Table 2 – Elements, concentration and their role in plant metabolism
 Elements  Quantity in whole plants  Function
 Carbon  45% All cellular constituents
 Oxygen  43% All cellular constituents
 Hydrogen  6% All cellular constituents
 Nitrogen  3-5% All living matter, amino acids, proteins
 Potassium  1.5-3% Enzyme system in the change of sugar to starch, citric acid synthesis, in the change of amino acids to proteins, respiration, interaction with iron enzymes,
photosynthesis, buffer
 Calcium  0.1-3.5% Cell wall, cell permeability, buffer
 Sulphur  0.05-1.5% All living matter, proteins, nodulations in legumes, allyl oils of mustards,
chlorophyll synthesis
 Phosphorous  0.25-0.5% All living matter, nucleo proteins, lipids, phosphorylation enzymes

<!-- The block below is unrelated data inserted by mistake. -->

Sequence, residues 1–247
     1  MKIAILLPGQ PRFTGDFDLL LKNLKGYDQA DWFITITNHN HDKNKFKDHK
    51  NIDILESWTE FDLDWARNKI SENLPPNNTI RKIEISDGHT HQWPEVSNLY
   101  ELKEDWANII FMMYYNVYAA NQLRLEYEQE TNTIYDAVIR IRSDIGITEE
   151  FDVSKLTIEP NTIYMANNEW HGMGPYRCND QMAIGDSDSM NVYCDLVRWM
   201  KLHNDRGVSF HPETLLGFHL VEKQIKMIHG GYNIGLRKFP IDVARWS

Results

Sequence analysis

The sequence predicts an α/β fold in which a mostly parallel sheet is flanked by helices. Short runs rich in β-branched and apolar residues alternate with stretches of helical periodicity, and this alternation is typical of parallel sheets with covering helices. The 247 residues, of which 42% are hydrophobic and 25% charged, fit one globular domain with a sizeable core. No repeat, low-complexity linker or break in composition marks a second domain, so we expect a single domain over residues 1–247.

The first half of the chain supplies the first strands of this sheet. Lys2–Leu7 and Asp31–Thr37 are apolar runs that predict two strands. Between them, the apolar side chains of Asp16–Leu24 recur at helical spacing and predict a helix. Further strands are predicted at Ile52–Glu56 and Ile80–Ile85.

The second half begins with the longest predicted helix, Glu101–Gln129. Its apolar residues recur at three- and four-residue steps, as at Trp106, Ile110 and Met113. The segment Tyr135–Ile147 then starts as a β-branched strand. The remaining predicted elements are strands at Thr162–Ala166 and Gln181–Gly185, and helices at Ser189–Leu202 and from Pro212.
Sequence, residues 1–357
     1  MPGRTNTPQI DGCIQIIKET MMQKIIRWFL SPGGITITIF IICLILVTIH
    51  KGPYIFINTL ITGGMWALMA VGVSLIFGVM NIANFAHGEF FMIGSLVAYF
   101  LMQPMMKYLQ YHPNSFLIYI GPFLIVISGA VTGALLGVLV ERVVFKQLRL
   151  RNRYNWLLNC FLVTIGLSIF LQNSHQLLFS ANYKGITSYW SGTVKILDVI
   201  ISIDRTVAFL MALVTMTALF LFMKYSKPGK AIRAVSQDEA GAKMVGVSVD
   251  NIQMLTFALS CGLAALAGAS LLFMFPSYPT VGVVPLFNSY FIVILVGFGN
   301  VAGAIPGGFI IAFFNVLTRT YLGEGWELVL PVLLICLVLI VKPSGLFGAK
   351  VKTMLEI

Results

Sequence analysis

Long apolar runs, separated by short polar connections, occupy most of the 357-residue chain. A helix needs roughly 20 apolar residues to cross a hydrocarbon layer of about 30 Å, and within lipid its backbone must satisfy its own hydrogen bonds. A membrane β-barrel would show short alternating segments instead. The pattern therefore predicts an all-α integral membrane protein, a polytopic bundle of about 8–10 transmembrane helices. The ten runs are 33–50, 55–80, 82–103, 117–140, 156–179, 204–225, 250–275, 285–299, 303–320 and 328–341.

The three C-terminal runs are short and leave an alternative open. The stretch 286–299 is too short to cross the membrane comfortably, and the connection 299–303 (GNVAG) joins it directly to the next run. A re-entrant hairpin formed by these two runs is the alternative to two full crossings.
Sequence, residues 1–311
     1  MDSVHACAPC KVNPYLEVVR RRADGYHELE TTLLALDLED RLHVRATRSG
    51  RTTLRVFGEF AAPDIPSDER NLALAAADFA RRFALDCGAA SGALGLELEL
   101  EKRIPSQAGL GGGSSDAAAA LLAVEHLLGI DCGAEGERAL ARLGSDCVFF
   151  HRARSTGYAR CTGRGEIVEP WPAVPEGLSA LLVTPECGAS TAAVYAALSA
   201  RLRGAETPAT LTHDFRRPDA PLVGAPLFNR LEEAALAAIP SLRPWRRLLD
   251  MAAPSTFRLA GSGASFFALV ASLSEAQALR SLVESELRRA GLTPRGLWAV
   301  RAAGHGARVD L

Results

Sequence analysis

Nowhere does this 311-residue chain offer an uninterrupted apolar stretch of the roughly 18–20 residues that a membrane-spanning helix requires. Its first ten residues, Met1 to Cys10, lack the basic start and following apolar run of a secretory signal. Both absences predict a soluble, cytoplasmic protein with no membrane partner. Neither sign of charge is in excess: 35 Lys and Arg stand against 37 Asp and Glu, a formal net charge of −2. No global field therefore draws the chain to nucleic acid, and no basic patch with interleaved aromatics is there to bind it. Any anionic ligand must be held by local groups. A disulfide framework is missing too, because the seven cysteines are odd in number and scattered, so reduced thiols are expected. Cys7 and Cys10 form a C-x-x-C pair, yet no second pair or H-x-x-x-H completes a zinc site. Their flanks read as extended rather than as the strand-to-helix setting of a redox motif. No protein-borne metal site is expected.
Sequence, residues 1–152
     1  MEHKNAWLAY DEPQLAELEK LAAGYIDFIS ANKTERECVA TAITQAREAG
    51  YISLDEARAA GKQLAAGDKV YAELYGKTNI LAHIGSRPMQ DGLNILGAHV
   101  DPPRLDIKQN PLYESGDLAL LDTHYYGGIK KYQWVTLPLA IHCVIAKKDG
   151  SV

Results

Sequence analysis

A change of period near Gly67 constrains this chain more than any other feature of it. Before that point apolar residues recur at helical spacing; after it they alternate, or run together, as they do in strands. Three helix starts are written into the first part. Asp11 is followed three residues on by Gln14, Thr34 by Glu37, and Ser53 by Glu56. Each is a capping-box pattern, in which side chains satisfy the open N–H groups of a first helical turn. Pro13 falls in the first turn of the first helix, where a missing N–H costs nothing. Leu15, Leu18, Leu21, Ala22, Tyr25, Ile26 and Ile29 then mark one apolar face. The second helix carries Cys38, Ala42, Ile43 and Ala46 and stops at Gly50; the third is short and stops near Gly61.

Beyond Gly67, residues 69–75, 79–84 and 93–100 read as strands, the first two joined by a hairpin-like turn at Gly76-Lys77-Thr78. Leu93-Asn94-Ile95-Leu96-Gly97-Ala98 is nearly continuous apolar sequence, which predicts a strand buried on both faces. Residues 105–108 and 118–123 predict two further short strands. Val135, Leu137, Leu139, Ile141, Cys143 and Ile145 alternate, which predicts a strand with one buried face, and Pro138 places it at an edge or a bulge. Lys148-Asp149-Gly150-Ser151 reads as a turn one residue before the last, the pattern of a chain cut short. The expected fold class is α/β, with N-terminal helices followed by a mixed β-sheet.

Magnesium  0.05-0.7% A part of the chlorophyll molecule, enzyme activator of hexokinase,
phosphorylase, carboxylase, dehydrogenase, peptidase, photosynthesis,
 Chlorine  100-300 ppm With Na and K it helps in maintaining cation anion balance
 Iron  10-1500 ppm  A part of the porphyrin compounds cytochrome enzyme system,
chlorophyll synthesis
 Manganese 5-1500 ppm Chlorophyll synthesis, stabilisation of H- atoms split from H-OH by
hydrogenation in photosynthesis, reduction of nitrates to nitrites, activator
of arginase, carboxylases and dehydrogenases
 Zinc  3-150 ppm Tryptophan synthesis, phosphorylation enzymes, enzymes in chloroplasts
 Copper  2-75 ppm Enzyme in synthesis of ascorbic acid, activator of polyphenoloxidase,
lactase and oxidase
 Boron  2-75 ppm  Phosphorylation enzymes, glutamine synthesis, nodulation in legumes
 Molybdenum  Very less  Nodulation in legumes, tannin synthesis, reduction of nitrates to nitrites